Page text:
Ahh good point. Not a lot of use in that case.

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  • 4 years later...

AJ...you pretty much wrote the NHL 94 Bible in terms of who to play with using each team.  Along with your YouTube videos, these gotta be the greatest resource on NHL 94 for Genesis.  I compiled all these team rankings, player lines, etc... into what is now one of my favorite "books." Many thanks @angryjay93 and to @kingraph @smozoma and @CoachMac for the excel sheets on each team.      My 11 year old and 8 year old...daughters by the way...want me to make them a copy of their own.  

Not sure if you're working on an NHL 94 project now, but I do have a suggestion that has been done to various degrees by some of the greats...but maybe not to the full extent like you did with each team and player breakdown.  Have you ever considered breaking down each way to score in NHL 94?  

I've seen some normal one timer videos and pass shot videos on YouTube which are nice, but then I've seen you pull out some barely avoid hitting the post from behind the net one timers on Twitch that I've never even thought of trying before.  Then I've always felt a left-handed player on a breakaway doesn't seem to have the same options and a right-handed player.   Is breaking down the basic to expert level scoring options a thing you might consider making?  (Taking into account the type of shooter and ranking the probability of success for each type)

Not trying to steal ur moves...just trying to steal yo moves.  

 

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1 hour ago, Nhl94slapshot said:

...

IMG_20200829_175350401.jpg

That is some Gamefaqs.com stuff right there. I probably printed 500 pages of video game guides back in the day. None of what I printed out back then comes close to that masterpiece. 

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On 8/29/2020 at 4:19 PM, Nhl94slapshot said:

AJ...you pretty much wrote the NHL 94 Bible in terms of who to play with using each team.  Along with your YouTube videos, these gotta be the greatest resource on NHL 94 for Genesis.  I compiled all these team rankings, player lines, etc... into what is now one of my favorite "books." Many thanks @angryjay93 and to @kingraph @smozoma and @CoachMac for the excel sheets on each team.      My 11 year old and 8 year old...daughters by the way...want me to make them a copy of their own.  

Not sure if you're working on an NHL 94 project now, but I do have a suggestion that has been done to various degrees by some of the greats...but maybe not to the full extent like you did with each team and player breakdown.  Have you ever considered breaking down each way to score in NHL 94?  

I've seen some normal one timer videos and pass shot videos on YouTube which are nice, but then I've seen you pull out some barely avoid hitting the post from behind the net one timers on Twitch that I've never even thought of trying before.  Then I've always felt a left-handed player on a breakaway doesn't seem to have the same options and a right-handed player.   Is breaking down the basic to expert level scoring options a thing you might consider making?  (Taking into account the type of shooter and ranking the probability of success for each type)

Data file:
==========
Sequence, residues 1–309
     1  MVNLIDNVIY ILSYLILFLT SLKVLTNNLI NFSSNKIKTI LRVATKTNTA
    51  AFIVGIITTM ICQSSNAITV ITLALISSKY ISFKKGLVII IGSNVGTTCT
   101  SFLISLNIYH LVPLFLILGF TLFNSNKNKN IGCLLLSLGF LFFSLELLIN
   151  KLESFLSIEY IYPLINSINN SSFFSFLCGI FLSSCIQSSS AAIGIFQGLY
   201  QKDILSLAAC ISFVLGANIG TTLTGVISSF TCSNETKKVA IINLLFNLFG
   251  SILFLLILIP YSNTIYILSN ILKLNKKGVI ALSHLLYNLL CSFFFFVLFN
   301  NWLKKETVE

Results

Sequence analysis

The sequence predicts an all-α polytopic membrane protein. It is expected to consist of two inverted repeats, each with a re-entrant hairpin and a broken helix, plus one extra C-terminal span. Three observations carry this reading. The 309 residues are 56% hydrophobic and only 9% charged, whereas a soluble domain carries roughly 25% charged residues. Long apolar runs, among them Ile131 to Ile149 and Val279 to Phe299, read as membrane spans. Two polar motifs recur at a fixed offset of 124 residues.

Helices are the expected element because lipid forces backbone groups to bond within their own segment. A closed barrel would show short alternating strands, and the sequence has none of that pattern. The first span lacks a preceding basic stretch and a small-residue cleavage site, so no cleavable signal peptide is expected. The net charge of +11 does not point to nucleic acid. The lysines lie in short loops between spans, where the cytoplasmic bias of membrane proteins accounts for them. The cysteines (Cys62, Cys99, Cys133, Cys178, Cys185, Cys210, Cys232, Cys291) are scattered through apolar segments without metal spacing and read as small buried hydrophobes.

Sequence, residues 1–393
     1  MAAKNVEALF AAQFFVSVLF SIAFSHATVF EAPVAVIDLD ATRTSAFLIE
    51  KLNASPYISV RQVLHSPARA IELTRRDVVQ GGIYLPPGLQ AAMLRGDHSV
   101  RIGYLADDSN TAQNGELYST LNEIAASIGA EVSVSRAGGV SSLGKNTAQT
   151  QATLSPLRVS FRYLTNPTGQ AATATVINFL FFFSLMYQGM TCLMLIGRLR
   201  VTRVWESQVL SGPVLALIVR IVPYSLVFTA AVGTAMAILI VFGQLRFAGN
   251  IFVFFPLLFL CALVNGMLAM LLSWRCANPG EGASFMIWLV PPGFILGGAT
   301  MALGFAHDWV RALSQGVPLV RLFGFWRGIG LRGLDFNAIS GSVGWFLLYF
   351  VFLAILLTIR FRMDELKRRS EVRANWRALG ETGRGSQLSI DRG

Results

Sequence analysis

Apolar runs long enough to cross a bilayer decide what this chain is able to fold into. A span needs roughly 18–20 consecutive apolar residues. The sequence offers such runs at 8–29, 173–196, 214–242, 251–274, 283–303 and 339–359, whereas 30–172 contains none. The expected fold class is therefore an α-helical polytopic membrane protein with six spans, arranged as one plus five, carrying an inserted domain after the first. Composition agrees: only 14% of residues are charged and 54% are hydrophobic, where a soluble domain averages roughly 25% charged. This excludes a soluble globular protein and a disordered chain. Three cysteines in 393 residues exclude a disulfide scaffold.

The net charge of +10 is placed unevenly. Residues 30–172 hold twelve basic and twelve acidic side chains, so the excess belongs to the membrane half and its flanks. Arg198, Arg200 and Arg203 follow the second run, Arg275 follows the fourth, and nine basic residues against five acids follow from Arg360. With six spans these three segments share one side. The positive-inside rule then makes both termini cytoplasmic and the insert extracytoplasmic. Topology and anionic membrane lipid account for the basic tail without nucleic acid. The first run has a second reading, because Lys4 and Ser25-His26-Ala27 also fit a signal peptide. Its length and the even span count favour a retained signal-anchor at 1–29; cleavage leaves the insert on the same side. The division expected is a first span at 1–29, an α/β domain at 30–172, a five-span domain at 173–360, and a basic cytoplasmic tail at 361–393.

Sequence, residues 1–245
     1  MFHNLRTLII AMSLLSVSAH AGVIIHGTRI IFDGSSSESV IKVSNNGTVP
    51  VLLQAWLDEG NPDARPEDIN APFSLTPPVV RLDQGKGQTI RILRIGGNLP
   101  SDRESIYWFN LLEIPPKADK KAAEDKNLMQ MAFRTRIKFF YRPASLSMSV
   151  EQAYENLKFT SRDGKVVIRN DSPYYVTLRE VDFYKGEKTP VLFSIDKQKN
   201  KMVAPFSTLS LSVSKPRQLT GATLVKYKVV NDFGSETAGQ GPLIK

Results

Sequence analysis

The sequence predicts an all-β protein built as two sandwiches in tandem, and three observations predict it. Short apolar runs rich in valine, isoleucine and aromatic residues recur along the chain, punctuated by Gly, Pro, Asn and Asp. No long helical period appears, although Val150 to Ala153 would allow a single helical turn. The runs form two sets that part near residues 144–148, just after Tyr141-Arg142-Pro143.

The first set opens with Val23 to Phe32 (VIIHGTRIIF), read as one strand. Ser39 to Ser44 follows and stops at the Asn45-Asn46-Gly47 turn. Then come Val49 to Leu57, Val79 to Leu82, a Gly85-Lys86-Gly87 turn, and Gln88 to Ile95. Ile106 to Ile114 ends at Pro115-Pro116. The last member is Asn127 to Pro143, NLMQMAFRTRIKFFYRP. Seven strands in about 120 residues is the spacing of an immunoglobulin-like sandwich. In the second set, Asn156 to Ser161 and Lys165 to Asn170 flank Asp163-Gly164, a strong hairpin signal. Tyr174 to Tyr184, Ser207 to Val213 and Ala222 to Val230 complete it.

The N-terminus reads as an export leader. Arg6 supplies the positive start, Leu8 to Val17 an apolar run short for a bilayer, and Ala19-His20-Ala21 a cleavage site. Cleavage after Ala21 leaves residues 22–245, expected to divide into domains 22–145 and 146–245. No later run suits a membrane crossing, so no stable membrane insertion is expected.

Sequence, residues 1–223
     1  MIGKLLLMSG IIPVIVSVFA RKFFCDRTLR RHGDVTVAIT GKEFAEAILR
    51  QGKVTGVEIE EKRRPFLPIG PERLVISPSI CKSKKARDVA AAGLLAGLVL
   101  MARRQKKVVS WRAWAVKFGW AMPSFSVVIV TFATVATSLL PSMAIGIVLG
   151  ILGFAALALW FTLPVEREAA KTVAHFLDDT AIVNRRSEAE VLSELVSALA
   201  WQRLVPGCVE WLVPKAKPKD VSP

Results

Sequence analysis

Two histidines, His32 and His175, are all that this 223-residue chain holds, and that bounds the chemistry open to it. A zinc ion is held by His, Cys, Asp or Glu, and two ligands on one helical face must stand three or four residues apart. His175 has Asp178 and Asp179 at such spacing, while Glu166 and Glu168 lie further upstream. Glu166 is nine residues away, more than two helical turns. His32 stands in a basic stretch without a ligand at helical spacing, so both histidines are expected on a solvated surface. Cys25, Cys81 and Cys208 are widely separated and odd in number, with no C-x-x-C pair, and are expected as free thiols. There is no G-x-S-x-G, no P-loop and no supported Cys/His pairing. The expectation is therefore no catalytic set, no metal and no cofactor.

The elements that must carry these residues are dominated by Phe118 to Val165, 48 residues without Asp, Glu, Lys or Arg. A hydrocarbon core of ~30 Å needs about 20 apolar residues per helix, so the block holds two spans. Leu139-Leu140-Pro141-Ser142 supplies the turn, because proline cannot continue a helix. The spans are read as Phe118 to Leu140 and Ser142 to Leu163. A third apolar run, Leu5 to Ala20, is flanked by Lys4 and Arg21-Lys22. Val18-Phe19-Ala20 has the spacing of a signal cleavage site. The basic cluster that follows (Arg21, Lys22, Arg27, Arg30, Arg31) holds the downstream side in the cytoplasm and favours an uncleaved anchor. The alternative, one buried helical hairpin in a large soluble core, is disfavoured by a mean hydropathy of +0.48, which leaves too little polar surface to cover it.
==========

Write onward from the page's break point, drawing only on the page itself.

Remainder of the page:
Not trying to steal ur moves...just trying to steal yo moves.  

Well I have officially written the book because you have published me bud! This is a big day, I'll be looking for those royalty checks in the mail.

When I started doing this oh so long ago, the hope was that people would be able to pick up a few pointers or tips to help them out. I never imagined guys bringing massive printouts to tournaments or producing books with articles that I have penned. Seeing those sorts of things make it all worth it and I wish I've been able to do more as I have had long periods of inactivity. 

With that said, I have just recently moved to a place with a ton more space for me to actually build a dedicated area space for gaming/recording. Once I get settled I would like to focus on finishing the team breakdowns (Smythe Division) and then I can focus on a project like goal scoring methods. My video editing techniques are non existent at this stage but maybe I can do something a bit more organic if my old man brain cant figure out some basic editing.

I greatly appreciate you sharing the pictures and what you hope to see me work on. If you or anyone else has any suggestion of what they would like to see from me, please feel free to leave it in the thread. I'm more than happy to read over them and add them to my to do list.

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  • 2 weeks later...

This one might sound odd....

In these pieces, which are well written and give a good overview of what line combinations work and why, you mention different strategy types. Could you maybe expand on each of the strategies? I think we all get what 'puck possession' means, but what attributes are best for those players who want to use that strategy with every team? Which teams are best suited for that strategy? One-timers, counter-attacking, aggressive fore checking, all of these can be strategies that have success but what attributes from individual players best suit those strats?

It's a big ask, but also allows for a deeper, more nuanced understanding of what you have already written.